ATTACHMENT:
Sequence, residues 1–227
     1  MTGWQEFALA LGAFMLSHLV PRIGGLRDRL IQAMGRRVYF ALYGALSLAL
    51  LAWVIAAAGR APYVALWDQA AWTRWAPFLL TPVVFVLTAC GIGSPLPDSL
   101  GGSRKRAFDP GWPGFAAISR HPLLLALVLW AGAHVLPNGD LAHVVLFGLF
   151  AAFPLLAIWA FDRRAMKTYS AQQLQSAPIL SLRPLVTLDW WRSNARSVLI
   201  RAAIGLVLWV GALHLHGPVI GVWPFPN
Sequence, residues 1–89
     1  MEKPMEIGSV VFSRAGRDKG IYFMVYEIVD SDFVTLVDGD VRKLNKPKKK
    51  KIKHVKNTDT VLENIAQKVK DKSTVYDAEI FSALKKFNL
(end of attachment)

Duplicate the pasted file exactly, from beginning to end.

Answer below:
Sequence, residues 1–227
     1  MTGWQEFALA LGAFMLSHLV PRIGGLRDRL IQAMGRRVYF ALYGALSLAL
    51  LAWVIAAAGR APYVALWDQA AWTRWAPFLL TPVVFVLTAC GIGSPLPDSL
   101  GGSRKRAFDP GWPGFAAISR HPLLLALVLW AGAHVLPNGD LAHVVLFGLF
   151  AAFPLLAIWA FDRRAMKTYS AQQLQSAPIL SLRPLVTLDW WRSNARSVLI
   201  RAAIGLVLWV GALHLHGPVI GVWPFPN
Sequence, residues 1–89
     1  MEKPMEIGSV VFSRAGRDKG IYFMVYEIVD SDFVTLVDGD VRKLNKPKKK
    51  KIKHVKNTDT VLENIAQKVK DKSTVYDAEI FSALKKFNL